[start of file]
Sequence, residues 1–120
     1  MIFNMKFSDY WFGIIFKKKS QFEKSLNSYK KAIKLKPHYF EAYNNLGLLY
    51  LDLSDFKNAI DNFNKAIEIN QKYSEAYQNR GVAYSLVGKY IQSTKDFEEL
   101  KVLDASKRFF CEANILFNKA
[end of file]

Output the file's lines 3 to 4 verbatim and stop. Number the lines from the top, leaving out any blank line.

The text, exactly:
    51  LDLSDFKNAI DNFNKAIEIN QKYSEAYQNR GVAYSLVGKY IQSTKDFEEL
   101  KVLDASKRFF CEANILFNKA